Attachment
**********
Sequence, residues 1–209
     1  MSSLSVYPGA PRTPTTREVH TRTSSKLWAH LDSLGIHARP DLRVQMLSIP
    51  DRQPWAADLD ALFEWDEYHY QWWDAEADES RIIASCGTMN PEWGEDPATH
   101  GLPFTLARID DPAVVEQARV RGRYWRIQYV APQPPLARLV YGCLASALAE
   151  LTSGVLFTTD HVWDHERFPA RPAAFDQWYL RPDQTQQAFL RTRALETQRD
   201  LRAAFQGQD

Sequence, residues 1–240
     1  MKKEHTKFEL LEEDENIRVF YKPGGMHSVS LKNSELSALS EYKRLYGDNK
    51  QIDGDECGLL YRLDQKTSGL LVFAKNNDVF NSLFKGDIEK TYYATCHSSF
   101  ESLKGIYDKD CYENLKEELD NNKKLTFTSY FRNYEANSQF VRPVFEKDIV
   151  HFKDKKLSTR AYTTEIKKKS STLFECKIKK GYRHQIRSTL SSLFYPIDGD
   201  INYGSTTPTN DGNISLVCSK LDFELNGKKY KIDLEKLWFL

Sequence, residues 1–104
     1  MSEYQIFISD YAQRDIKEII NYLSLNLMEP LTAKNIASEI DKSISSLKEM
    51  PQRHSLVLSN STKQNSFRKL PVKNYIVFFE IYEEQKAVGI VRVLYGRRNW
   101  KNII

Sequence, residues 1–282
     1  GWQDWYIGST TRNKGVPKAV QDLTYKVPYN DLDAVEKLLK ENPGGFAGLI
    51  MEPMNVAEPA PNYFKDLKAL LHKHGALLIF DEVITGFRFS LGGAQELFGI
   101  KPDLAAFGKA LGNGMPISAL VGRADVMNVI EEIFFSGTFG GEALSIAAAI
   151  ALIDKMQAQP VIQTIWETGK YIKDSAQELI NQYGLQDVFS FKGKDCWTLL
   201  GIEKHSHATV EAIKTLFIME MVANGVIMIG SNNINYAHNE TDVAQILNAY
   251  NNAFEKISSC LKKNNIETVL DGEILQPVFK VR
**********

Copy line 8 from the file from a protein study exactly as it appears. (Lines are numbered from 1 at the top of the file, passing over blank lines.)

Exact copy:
     1  MKKEHTKFEL LEEDENIRVF YKPGGMHSVS LKNSELSALS EYKRLYGDNK